Green Smoothies – the why and the what

Posted on March 28, 2014

I drink green smoothies.

Everyday or every other day, you can bet that I’m throwing a ton of vegetables into a blender and whipping up a green concoction. People usually wrinkle their noses at me when they see it.

I’ll be honest. I drink them because they’re good for me. Not because they taste wonderful.


But they’re not all bad. You get used to them. Once I’ve had my green smoothie for the day, I feel better about my vegetable intake. It’s only been since I began drinking green smoothies that I have managed to get enough vegetables into my diet.

Here are the categories of ingredients I use:

  • Leafy greens. These are so important for our health! They are much easier to drink than to eat.
  • Frozen vegetables. Keep some of these and you don’t have to worry about them going bad. They also make the smoothie cold.
  • Fruit. Add one. I will use two at the most if one of the fruits isn’t particularly sweet. The goal is to have more vegetables than fruits. Fruits have sugar in them. The best is if you can drink it with no fruits at all. But I’m not that good yet. I’ve found an apple make the smoothie much sweeter.
  • Green powder and fiber. I buy my Green Vibrance on Amazon for a better price than you can purchase it at the store. It has probiotics and a bunch of good stuff in it. I don’t know much about it, but it was recommended to me, and the smell/taste is gross enough that I believe it must be good for me. The seeds I add for an extra fiber boost are simple to throw in.
  • Healthful add-ins. Ideas: 1 tablespoon apple cider vinegar, cinnamon, and/or ginger. My husband loves ginger and puts quite a bit in. I find its flavor very strong.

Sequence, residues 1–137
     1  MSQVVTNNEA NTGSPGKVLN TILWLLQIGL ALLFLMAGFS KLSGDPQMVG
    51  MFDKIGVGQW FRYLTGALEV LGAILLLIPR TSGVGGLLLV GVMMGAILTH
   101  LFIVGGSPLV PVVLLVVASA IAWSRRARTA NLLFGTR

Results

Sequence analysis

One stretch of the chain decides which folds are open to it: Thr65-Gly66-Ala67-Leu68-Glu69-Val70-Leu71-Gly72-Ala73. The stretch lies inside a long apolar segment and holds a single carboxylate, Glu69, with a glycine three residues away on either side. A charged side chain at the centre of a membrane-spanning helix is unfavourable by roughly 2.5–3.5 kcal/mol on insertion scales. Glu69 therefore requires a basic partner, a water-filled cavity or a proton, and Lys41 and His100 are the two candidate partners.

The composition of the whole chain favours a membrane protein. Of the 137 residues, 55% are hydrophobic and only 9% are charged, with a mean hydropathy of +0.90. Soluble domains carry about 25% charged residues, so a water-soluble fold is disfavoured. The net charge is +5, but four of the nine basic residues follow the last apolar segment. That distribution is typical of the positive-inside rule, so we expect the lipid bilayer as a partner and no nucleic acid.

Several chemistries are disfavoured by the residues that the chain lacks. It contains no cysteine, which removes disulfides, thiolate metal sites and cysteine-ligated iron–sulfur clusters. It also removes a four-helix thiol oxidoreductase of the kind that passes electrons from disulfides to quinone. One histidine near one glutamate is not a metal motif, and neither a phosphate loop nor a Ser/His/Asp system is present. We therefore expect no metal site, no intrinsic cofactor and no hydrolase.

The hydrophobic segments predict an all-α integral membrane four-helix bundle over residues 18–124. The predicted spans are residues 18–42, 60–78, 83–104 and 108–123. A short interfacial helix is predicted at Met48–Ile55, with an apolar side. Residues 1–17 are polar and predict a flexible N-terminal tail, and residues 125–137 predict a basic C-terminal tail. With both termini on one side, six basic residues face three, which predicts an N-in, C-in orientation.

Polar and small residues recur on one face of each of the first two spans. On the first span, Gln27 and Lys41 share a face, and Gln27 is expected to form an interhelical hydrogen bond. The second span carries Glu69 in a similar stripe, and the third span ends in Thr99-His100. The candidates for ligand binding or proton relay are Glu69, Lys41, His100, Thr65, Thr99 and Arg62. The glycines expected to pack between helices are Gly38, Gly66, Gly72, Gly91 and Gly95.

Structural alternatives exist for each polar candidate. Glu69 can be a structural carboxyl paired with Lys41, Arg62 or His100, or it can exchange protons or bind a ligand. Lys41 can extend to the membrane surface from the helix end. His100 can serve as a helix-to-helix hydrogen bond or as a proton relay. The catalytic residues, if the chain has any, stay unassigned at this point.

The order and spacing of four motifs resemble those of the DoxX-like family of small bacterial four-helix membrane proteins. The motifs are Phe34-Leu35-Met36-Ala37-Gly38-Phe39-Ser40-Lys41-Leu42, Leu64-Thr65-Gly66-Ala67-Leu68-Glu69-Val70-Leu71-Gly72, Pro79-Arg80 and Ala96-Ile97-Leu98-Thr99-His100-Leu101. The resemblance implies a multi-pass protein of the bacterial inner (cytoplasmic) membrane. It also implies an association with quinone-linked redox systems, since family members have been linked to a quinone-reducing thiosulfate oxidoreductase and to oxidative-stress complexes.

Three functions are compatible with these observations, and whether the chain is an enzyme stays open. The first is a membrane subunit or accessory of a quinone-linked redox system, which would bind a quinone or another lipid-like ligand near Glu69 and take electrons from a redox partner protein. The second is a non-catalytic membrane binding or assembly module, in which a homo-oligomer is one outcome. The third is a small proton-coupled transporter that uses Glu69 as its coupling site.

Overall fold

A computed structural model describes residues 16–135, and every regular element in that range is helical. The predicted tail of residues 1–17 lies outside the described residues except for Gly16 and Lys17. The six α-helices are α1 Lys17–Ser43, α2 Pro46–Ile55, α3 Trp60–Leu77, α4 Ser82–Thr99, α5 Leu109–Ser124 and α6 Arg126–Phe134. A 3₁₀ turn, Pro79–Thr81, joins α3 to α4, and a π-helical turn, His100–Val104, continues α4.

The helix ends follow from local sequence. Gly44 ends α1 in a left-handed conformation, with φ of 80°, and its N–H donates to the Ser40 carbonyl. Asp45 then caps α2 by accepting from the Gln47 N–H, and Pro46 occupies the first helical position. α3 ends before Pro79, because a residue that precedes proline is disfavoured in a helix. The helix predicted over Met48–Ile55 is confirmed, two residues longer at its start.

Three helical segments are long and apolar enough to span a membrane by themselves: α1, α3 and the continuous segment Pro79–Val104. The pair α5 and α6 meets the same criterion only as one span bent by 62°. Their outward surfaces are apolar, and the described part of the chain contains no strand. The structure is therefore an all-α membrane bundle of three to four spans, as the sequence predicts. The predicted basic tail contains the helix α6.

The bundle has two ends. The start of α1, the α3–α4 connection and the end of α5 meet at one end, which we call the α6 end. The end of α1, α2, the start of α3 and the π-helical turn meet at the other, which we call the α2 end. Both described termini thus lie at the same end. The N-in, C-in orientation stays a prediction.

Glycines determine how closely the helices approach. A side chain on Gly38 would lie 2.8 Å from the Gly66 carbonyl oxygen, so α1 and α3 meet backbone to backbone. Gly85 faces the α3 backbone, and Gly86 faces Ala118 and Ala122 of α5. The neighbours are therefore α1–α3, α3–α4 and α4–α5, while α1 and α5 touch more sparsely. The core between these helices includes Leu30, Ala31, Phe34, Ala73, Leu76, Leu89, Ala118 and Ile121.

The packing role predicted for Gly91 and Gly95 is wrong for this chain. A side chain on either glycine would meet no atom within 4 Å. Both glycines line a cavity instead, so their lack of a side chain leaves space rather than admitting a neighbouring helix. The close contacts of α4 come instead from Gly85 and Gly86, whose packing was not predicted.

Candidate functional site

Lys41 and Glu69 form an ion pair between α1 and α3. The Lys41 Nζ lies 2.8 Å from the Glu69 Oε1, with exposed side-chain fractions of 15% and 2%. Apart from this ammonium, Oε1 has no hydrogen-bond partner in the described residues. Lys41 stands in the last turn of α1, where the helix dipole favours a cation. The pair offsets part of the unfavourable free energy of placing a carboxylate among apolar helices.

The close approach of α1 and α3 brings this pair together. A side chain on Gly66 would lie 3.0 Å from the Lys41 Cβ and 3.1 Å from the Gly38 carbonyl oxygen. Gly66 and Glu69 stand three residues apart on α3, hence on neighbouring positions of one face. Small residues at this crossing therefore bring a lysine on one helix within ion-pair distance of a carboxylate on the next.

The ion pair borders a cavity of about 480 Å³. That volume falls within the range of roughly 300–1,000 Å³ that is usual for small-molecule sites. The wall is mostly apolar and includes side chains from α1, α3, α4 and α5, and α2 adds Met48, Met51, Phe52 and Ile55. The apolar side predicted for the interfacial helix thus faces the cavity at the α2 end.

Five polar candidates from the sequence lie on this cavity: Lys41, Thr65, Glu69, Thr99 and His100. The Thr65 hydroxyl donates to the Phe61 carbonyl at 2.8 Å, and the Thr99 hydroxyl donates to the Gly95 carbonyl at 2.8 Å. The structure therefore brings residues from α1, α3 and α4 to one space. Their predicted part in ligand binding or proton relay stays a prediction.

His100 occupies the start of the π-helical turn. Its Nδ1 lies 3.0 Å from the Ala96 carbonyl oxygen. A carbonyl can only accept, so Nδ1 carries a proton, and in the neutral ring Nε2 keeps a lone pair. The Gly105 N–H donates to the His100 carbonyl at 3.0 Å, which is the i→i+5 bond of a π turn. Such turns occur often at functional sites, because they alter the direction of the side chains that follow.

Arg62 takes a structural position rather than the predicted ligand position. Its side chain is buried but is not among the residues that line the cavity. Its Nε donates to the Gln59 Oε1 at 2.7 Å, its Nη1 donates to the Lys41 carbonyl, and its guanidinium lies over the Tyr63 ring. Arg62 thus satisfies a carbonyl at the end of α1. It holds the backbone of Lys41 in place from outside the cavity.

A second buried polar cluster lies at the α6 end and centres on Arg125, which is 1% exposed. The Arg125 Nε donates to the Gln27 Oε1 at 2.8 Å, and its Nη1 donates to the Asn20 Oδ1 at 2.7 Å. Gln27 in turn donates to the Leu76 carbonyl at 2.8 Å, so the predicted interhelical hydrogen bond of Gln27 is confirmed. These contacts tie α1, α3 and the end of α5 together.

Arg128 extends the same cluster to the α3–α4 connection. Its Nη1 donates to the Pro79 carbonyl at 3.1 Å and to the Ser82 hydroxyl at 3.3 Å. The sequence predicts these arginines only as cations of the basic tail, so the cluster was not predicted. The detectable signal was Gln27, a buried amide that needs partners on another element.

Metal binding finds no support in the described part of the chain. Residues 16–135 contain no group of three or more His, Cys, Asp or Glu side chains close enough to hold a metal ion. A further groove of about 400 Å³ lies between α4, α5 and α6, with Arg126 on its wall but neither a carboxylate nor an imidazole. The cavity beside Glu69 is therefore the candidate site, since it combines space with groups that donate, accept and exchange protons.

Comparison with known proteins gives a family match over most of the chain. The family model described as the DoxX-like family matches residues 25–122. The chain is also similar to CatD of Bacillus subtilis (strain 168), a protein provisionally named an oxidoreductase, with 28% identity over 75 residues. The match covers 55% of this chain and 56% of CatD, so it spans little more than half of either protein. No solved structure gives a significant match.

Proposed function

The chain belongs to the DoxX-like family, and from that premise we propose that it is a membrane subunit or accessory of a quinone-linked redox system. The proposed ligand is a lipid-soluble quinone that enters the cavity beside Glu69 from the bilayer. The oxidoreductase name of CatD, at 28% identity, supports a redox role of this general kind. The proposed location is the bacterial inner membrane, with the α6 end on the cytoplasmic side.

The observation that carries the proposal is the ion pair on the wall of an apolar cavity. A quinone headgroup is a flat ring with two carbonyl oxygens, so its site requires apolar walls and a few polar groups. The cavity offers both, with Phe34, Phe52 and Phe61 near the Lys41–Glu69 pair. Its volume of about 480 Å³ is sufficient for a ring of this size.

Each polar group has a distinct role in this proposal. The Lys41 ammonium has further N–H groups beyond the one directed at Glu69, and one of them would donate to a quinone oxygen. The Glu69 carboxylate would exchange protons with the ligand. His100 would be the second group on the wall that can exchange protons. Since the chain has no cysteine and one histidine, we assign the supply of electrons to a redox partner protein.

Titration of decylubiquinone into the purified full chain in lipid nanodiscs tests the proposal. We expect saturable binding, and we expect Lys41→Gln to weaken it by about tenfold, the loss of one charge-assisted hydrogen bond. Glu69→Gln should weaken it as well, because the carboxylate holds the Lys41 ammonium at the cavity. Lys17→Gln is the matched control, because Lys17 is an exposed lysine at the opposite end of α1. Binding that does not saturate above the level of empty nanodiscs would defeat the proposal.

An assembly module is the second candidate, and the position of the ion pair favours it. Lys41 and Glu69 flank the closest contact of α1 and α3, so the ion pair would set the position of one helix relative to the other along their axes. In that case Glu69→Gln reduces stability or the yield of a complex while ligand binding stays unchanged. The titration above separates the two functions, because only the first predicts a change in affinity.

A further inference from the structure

• Liquid. Water is good enough. I have been using coconut water because we bought a bunch of it. You have to put enough liquid in to let the smoothie get smooth. For me, that usually means the liquid goes 1/3 of the way up the blender. I always put it in last.
  • Ice. If none of your vegetables or fruit are frozen already, I recommend adding a handful of ice.



First of all, the quality of your blender is important. You cannot throw all those vegetables in a normal blender and expect it to end up smooth. I rarely made green smoothies before I got my Vitamix blender. You can find recipes for green smoothies that are doable with a lower-power blender online. Those have to change the ratio of liquids to solids, and you could never put in an entire raw carrot like I did. Shelling out the big bucks for the Vitamix was a bit painful for me. But my husband convinced me it was a good idea, we counted it as our Christmas gift to ourselves, and I have used it nearly every day since we got it. I am so glad I have my Vitamix.

Cold is best. Coldness reduces the vegetable flavor. For example, have you ever had a ripe, juicy mango? Okay … have you also had a frozen piece of mango? The flavor difference is extreme. You can always taste the non-frozen food much more strongly.

Avocados are wonderful. Anywhere. All the time. I hate to throw half an avocado in the blender indiscriminately and lose out on the pure flavor of it. But it makes the smoothie more … smooth. Creamy. Bananas do this, too. And I’ve been told that a smoothie is more filling when an avocado is in it. You can last longer between meals.

Sometimes my green smoothies look purple, thanks to the blueberries I occasionally add.


Here’s what I have in my green/purple smoothie today:

  • Spinach
  • Cabbage
  • Chard
  • Carrot
  • Broccoli (frozen)
  • Green beans (frozen)
  • Blueberries (frozen)
  • Orange
  • Chia seeds
  • Hemp seeds
  • Flaxseeds
  • Green powder
  • Small piece of ginger
  • a few basil leaves
  • 1/2 avocado
  • 1 T Apple Cider Vinegar
  • Basil
  • Water and Coconut water


And here’s another day:


No Replies to "Green Smoothies - the why and the what"

    Got something to say?

    Some html is OK